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 Post subject: Equivalence RelationsPosted: Wed, 27 Feb 2008 04:01:44 UTC
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Im not sure if this is the correct section to put this in or not, but I was wondering if I was on the right track for this proof.

Q: Let R be an equivalence relation on A = {a, b, c, d, e, f, g} such that aRc, cRd, dRg, and bRf. If there are three-distinct equivalence classes resulting from R, then determine these equivalence classes and determine all elements of R.

I know how to get the equivalence classes, but I am unsure how to write it appropriately. I just have something like...

Equivalence classes

First equivalence class:
blah, blah, blah (these are the equivalence classes)

Second equivalence class:
same idea here

Third equivalence class:
same idea here

And then I have that

R = {(a,a) ...etc.}

I know there is a more mathematical way to write the 3 equivalence classes, but I wasnt sure what that would look like.

Thanks so much,

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 Post subject: Posted: Wed, 27 Feb 2008 04:04:40 UTC
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You just write the members of the classes.

Obviously you have the first class has at least a,c,d, and g, the second has at least b and f, but since you're told you have three, e must be the sole inhabitant of the last class.

You don't need to write out the entire relation, simply putting the members of the same class into sets is enough to completely determine the whole relation.

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 Post subject: Posted: Wed, 27 Feb 2008 04:07:45 UTC
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Okay, thank you.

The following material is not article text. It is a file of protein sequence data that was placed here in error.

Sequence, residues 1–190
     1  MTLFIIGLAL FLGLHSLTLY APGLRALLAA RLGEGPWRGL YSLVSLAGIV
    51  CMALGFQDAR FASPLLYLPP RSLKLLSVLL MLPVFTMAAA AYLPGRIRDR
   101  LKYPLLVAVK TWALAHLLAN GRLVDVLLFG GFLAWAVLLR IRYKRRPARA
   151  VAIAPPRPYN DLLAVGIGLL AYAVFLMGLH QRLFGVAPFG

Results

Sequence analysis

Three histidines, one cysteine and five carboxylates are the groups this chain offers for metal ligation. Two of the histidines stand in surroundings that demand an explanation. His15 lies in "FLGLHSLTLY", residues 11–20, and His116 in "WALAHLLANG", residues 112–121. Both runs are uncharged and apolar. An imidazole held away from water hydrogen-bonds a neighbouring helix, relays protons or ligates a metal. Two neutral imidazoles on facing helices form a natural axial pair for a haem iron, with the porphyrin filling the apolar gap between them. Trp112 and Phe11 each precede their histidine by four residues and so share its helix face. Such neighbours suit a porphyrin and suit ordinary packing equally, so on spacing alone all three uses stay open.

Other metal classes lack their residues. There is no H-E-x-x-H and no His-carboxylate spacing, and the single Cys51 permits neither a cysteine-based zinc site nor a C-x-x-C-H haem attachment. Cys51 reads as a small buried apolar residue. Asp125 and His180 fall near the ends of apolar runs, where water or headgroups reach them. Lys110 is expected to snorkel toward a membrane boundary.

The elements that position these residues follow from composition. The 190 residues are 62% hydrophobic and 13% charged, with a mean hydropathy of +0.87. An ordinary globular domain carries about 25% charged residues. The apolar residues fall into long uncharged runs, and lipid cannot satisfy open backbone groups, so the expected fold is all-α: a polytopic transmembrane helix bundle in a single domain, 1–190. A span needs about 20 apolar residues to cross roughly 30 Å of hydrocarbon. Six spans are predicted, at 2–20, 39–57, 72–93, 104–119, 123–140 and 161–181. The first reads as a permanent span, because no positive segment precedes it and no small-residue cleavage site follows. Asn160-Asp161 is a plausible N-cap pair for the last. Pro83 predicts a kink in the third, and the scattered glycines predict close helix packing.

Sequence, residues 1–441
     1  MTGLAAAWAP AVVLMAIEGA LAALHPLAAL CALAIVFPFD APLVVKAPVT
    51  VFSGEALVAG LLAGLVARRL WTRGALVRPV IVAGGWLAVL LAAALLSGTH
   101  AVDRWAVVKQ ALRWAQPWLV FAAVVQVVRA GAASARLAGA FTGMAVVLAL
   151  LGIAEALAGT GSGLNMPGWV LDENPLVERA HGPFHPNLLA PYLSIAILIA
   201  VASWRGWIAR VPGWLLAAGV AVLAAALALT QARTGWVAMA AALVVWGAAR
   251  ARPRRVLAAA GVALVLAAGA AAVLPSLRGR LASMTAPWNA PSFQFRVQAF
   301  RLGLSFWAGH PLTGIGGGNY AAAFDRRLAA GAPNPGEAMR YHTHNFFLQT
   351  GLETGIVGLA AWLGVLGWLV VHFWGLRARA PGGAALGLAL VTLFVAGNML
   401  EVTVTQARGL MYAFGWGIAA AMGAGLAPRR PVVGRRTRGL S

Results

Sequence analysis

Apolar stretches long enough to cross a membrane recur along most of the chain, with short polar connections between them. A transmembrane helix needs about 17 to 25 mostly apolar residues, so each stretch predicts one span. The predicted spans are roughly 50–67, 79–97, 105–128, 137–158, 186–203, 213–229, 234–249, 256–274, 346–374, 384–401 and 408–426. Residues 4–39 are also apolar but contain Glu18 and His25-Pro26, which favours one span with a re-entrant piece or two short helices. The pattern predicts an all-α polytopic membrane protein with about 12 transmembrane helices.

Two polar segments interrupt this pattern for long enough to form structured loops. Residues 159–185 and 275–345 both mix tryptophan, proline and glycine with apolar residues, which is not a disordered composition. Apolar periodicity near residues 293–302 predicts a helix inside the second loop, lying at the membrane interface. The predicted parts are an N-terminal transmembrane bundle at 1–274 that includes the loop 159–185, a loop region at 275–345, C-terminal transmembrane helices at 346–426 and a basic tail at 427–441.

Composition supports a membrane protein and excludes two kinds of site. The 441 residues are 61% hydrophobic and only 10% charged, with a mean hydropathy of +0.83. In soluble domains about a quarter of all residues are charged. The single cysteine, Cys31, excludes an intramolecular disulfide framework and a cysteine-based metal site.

But how would you write that?
That is where I'm having trouble.
Just seeing what it looks like.

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 Post subject: Posted: Wed, 27 Feb 2008 04:11:39 UTC
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 Post subject: Posted: Wed, 27 Feb 2008 04:14:13 UTC
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Why do you not need to include all possible relations of R? Like I was showing before.

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 Post subject: Posted: Wed, 27 Feb 2008 04:25:46 UTC
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Because of the properties of an equivalence relation, naming all the equivalence classes is equivalent to naming the relation. For example, say for some equivalence class of the relation Then the equivalence relation on any set is merely being in the same equivalence class. The two notions of an equivalence relation, listing all the pairs and listing the equivalence class, are equivalent.

Proof: (i)Since a is in its own equivalence class, (a,a) would be in the relation, which shows that being in an equivalence class is reflexive.
(ii)if a and b are in the same equivalence class, both of the pairs (a,b) and (b,a) are in the relation, so its symmetric
(iii) if all of a, b, and c are in the same class then (a,b),(b,c) and (a,c) are all in the same equivalence class, so transitivity is also shown.

And if any two relations yield the same equivalence classes, then they're the same relation, so listing the classes is just as good (and much more efficient) than listing all the pairs of the relation.

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 Post subject: Posted: Wed, 27 Feb 2008 04:31:36 UTC
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So it would be correct to answer like this:

Asub(1) = {a,c,d,g}

Asub(2) = {b,f}

Asub(3) = {e}

R = (Asub(1), Asub(2), Asub(3)}

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 Post subject: Posted: Wed, 27 Feb 2008 04:33:11 UTC
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Yes, that's perfectly valid. And you can name the classes whatever you like. Maybe even use instead of for it to make more sense.

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 Post subject: Posted: Wed, 27 Feb 2008 04:36:55 UTC
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Thanks so much!! You were very helpful!

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 Post subject: Posted: Wed, 27 Feb 2008 07:39:50 UTC
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^_^

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